In the unfolding situation, some theories are also making the rounds that Washington had deliberately started withdrawing its troops from Afghanistan and that too with a brisk pace. According to one such contention, the US wanted to compound the conflict and crisis in Afghanistan. The foremost reason is to tell the world that it has been the US forces’ presence along with their NATO allies that maintained somewhat stability in Afghanistan and prevented the Taliban from overrunning the country. Afghanistan’s war has been the longest of America’s history and its forces could not trounce the Taliban despite having more than 100,000 troops, including its NATO and other allies, at one point in time. Thus, the US has to justify its Afghan war of exactly 20 years, costing a mind-boggling $3 trillion, not only to its own public but also to the international community. The second important reason, which certain analysts are pointing out for the US strategy to deliberately compound the crisis in Afghanistan, is that regional players, particularly China and Russia, could be sucked into the Afghan conflict theatre. There are said to be two reasons for the strategy. If China is able to successfully replace America and fill the power vacuum in Afghanistan, it would be a win-win situation for Washington. However, it is important to understand that China would not have a military presence in Afghanistan but could act as a mediator among parties to the conflict.

Washington knows that Beijing, for its own reason, also cannot assume an off-hand approach in the Afghan conflict as it fears that its separatist Islamist movement militants of East Turkistan Islamic Movement (ETIM) are present in hundreds in Afghanistan and have been getting support from Al-Qaeda and the Taliban. The ETIM has been fighting for a separate Islamic state in the Xinjiang region of Western China. Recently, the Taliban political office head, Abdul Ghani Biradar, visited Beijing and held meetings with the Chinese foreign minister and other officials. According to sources, the Chinese authorities conveyed to the Taliban leadership that it would not tolerate the presence of ETIM militants and elements in Taliban-controlled territories of Afghanistan. It is important to note that the recent terrorist attack on Chinese engineers working on infrastructure projects in Dasu on the Karakoram Highway, which killed nine of them, was made by ETIM militants with the help of the Tehreek-e-Taliban Pakistan (TTP). Both ETIM and TTP militants had mostly relocated to Afghanistan after the Pakistan military forces conducted large-scale operations against them and their foreign and domestic affiliates in the aftermath of the December 16, 2014, terrorist attack on a Peshawar school, in which 140 schoolchildren were ruthlessly massacred, resulting in a countrywide uproar to launch a decisive action against militants and terrorists. After their infiltration into Afghanistan, the Afghanistan National Directorate of Security (NDS), its key intelligence agency, established links with ETIM and TTP militants and brought them together to use them for terrorist attacks in Pakistan. The ETIM could only contribute to the strategy of attacks in Pakistan, if it aimed at Chinese workers and interests.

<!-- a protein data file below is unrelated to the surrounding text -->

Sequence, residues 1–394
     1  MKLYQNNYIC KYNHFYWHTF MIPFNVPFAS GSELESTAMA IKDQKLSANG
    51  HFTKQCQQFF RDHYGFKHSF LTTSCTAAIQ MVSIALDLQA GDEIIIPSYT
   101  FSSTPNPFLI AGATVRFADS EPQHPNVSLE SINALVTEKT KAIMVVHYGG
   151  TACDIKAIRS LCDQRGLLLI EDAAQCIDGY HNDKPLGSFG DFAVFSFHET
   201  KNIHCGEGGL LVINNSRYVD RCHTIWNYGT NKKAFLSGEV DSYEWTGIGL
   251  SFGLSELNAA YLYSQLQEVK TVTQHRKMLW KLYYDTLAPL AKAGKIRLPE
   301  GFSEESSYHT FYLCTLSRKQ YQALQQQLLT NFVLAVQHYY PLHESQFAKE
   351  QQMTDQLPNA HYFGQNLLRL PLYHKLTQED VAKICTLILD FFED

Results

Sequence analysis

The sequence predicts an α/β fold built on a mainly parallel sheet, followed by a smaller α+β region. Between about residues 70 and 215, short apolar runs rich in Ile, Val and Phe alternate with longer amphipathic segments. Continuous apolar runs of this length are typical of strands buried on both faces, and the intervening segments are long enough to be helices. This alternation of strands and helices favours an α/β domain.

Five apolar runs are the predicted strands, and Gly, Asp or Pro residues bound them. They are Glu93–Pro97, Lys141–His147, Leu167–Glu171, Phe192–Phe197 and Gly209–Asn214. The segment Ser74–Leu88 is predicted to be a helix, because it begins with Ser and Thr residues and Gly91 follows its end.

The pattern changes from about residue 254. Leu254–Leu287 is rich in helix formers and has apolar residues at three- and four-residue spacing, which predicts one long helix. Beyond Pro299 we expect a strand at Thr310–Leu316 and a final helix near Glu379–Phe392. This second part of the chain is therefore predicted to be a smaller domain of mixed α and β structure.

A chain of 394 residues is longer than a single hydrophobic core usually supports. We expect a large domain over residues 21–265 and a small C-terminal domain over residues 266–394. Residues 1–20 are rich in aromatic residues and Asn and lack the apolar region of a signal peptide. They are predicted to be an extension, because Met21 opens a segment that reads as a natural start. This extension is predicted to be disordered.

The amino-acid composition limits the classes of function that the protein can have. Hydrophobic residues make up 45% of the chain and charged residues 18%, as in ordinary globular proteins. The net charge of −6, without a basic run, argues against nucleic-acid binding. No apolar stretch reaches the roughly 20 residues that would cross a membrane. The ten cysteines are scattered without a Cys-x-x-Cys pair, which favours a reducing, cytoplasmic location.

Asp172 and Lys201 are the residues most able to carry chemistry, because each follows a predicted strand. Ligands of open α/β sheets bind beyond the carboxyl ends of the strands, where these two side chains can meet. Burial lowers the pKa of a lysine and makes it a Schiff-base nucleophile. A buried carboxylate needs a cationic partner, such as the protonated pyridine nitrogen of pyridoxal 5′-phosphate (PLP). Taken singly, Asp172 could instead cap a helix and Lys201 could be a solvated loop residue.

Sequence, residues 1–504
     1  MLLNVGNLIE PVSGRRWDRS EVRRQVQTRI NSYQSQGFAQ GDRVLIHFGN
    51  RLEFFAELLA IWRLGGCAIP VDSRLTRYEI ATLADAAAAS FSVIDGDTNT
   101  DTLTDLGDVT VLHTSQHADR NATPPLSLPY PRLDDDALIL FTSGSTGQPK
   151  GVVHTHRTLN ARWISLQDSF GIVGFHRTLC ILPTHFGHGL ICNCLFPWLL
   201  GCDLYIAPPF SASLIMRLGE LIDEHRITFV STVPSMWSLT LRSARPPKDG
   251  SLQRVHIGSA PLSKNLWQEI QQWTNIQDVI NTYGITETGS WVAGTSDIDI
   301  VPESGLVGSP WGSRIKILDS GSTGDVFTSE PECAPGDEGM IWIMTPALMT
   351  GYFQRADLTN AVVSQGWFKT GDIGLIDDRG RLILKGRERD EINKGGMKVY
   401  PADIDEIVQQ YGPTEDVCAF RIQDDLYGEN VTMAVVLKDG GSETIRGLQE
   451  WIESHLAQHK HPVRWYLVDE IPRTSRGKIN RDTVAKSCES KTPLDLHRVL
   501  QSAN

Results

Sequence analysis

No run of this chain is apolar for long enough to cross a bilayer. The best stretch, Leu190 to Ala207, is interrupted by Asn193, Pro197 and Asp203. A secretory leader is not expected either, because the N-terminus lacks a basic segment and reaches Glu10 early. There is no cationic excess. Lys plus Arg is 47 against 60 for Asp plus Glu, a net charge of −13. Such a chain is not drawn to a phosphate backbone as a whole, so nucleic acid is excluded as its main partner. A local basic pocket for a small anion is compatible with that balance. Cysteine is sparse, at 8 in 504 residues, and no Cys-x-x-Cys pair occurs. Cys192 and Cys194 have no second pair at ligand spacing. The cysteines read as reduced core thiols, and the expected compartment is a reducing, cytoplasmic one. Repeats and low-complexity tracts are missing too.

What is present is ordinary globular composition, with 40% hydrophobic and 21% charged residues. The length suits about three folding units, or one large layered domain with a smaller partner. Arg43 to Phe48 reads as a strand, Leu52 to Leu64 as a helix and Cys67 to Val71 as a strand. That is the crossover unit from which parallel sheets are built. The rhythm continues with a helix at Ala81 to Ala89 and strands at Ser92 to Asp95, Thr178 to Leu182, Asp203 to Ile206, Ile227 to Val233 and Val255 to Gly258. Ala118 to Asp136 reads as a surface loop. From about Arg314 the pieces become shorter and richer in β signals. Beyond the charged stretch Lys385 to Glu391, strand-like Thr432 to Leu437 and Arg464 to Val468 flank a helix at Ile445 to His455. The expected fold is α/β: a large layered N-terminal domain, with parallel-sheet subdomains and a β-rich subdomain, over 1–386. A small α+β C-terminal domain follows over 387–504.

As India is another important regional player trying to influence the outcome of events in Afghanistan, it has used its strong links with the President Ghani government and the NDS to create problems for its arch-rival, Pakistan, and regional nemesis, China. The Afghan Taliban have also provided support to the ETIM and the TTP in Afghanistan. Now Delhi and the Afghan government want to exploit the situation by using the two groups to create problems, primarily for Pakistan and also for China. It is important to note that in the situation, the US would only like to justify its two-decade-long war in Afghanistan but at the same time also wants that stability return to the war-devoured country as instability and conflict may again result in safe havens for Al-Qaeda and its global militant-terrorist outfits in Afghanistan.